By The Gleaner's Youth Link
Monday, March 17, 2014
More parents are taking the future costs of tertiary education seriously and are preparing for it, reports Scotia Jamaica Life Insurance Company Limited (SJLIC).
Referring to the growth in the subscription of the Heritage International Scholarship Trust Plan, Hugh Reid, president of SJLIC, reports that the message is getting through to parents that planning for higher education and saving for it incrementally over time is the best approach to providing their children with post-secondary education at their institution of choice.
"We are very encouraged with what we are seeing. The future of many young Jamaicans is on a very sound footing because of the foresight of their parents and guardians," said Reid, hinting at the growing level of participation in the Heritage Plan distributed by SJLIC.
SJLIC began distributing the Heritage International Scholarship Trust Plan in August 2011 and has seen growth of 240 per cent in sales of the plan over the last three months compared to the previous three months. The company, a subsidiary of the Scotiabank Group, has experienced 98 per cent persistency rate on all plans sold to date. This means that only two per cent of the parents who enrolled their children into the Heritage Plan have defaulted on their payments.
"Forward-thinking parents understand that preparing for higher education is a commitment made between them and their children. They recognise that honouring that commitment requires planning and saving over a medium- to long-term time horizon of between five and 18 years, based on the age of the child at the time of enrollment into the plan," Reid explained.
Heritage reports show that more than 10,000 families in Jamaica have already made that long-term commitment through the various distributors of the plan. Since 1996, Heritage International Scholarship Trust Foundation has paid close to US$10 million in savings and educational assistance payments (scholarships) to Jamaicans to assist with post-secondary education costs.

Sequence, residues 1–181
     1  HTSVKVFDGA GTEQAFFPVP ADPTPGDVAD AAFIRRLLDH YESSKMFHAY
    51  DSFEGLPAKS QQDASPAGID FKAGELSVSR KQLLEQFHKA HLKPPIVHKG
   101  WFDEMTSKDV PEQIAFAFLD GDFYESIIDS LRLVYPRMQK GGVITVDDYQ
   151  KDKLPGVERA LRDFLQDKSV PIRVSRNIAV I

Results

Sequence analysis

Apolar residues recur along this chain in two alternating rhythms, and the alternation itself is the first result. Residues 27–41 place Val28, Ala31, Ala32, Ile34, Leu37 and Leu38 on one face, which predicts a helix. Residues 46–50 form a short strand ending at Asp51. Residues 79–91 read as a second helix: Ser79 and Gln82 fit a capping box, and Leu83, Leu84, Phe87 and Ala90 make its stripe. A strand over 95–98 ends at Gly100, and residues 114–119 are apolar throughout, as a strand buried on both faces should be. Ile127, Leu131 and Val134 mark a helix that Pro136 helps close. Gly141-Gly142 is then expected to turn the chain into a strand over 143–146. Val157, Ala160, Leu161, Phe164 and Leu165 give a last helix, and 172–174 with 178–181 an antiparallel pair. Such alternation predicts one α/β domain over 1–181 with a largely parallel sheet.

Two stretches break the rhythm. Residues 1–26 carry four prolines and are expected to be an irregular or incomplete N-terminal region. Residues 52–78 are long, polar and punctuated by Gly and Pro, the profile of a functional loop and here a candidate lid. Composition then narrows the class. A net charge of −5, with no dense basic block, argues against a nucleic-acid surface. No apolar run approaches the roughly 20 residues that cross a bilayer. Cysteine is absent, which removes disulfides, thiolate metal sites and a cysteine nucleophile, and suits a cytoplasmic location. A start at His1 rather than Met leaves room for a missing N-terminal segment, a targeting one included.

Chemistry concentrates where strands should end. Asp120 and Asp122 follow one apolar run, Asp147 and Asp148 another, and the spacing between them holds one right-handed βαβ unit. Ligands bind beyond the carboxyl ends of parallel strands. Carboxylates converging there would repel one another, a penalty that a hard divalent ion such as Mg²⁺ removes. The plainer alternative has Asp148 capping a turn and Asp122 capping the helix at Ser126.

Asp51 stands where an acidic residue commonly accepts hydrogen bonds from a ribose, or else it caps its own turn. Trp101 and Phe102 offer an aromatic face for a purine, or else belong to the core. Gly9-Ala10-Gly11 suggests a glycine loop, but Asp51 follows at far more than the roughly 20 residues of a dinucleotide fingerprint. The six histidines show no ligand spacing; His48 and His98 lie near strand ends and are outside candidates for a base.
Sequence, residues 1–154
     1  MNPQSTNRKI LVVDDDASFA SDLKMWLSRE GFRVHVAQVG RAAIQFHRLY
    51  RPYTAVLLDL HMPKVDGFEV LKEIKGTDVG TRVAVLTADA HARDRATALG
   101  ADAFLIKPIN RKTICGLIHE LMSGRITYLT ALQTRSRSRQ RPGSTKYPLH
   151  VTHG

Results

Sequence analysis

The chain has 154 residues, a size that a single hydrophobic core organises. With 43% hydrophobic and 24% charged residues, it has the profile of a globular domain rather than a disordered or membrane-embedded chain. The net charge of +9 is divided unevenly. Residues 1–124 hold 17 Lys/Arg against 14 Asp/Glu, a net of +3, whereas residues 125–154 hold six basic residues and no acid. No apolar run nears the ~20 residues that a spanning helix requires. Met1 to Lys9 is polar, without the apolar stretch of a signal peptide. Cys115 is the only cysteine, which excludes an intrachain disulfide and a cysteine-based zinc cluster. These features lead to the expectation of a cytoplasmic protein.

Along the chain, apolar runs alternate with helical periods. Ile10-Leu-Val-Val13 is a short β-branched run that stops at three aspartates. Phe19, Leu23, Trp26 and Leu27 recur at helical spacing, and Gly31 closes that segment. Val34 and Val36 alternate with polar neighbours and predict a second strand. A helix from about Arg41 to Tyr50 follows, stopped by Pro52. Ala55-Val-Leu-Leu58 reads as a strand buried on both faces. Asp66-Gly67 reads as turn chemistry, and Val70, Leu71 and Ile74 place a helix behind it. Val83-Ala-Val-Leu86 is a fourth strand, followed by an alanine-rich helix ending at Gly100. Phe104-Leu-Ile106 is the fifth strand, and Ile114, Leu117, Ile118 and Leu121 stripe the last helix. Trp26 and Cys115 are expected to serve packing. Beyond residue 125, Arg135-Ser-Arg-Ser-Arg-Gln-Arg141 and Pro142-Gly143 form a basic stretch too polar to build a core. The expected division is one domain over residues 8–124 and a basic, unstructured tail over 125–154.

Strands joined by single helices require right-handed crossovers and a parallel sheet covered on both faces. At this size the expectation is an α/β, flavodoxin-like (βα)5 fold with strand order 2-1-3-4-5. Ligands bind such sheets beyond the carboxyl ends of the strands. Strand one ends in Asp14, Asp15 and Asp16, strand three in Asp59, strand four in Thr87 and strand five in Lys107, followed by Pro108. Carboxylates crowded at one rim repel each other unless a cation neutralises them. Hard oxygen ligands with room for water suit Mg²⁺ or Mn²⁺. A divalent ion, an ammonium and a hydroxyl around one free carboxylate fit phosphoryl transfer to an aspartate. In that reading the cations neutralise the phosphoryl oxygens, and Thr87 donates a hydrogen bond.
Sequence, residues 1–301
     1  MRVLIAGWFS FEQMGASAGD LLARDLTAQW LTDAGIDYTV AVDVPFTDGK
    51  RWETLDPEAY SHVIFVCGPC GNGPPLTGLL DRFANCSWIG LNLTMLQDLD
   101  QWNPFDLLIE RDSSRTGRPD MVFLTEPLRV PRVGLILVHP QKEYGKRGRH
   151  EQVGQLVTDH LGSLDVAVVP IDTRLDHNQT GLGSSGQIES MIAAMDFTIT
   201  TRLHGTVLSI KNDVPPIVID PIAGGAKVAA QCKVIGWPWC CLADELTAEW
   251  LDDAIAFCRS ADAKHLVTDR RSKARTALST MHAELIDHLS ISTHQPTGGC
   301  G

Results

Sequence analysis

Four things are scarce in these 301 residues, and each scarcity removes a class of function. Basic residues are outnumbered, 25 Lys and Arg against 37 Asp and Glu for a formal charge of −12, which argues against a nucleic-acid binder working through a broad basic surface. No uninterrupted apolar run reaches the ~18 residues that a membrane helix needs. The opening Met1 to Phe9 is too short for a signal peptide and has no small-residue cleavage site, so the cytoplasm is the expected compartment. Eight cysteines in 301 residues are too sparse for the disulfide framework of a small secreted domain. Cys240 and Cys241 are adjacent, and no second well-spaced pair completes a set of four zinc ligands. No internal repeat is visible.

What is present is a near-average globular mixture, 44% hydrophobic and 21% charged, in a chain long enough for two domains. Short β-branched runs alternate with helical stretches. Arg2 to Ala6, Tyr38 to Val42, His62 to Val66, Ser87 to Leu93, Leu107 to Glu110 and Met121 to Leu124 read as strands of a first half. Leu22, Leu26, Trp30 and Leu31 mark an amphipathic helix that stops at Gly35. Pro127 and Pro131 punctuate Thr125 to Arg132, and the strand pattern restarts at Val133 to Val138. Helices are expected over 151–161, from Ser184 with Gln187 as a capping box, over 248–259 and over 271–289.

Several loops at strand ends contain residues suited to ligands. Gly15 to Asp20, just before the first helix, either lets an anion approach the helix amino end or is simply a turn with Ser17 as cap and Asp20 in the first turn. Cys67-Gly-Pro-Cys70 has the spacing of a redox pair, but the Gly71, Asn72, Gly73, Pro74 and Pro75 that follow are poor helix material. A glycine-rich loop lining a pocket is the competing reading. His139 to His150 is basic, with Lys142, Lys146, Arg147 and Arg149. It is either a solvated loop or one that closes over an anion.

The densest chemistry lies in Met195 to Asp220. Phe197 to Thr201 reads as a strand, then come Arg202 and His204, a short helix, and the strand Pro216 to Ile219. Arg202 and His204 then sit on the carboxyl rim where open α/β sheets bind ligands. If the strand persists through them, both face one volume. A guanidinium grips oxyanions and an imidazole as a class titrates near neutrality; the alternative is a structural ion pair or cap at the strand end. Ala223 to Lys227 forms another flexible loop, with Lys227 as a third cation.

"The savings structure of the Heritage Plan has really empowered parents because it is flexible, secure and can be tailored to suit parents' affordability. They can start a plan with an amount that they can comfortably afford and increase as their financial situation improves. We have seen some parents make tremendous sacrifices to ensure that they put away a little every month to secure their children's future, and it pays off in the long run," Reid reassured.
SJLIC reports that parents are even starting to save from as early as when their children are newborns. According to the 2010 Economic and Social Studies Survey published by the Planning Institute of Jamaica, only 38.4 per cent of Jamaicans within the tertiary cohort (aged 20-24) were enrolled in colleges, universities and higher-level skills-training programmes.
"There is a direct correlation between higher education and earning potential, home ownership, and general upward mobility. We need to see the number of Jamaicans matriculating to tertiary training increasing significantly in order to empower young people to create more opportunities for themselves," Reid continued.
Research conducted by SJLIC also shows that the average cost of higher-level education in Jamaica has increased by 27 per cent since 1991. Since 2000, the average cost of both graduate and undergraduate degrees exceeded J$1.8 million and it is expected that over the next 10 years the average cost of a four-year undergraduate programme in Jamaica will increase to at least J$3.8 million This cost will be significantly higher for overseas universities.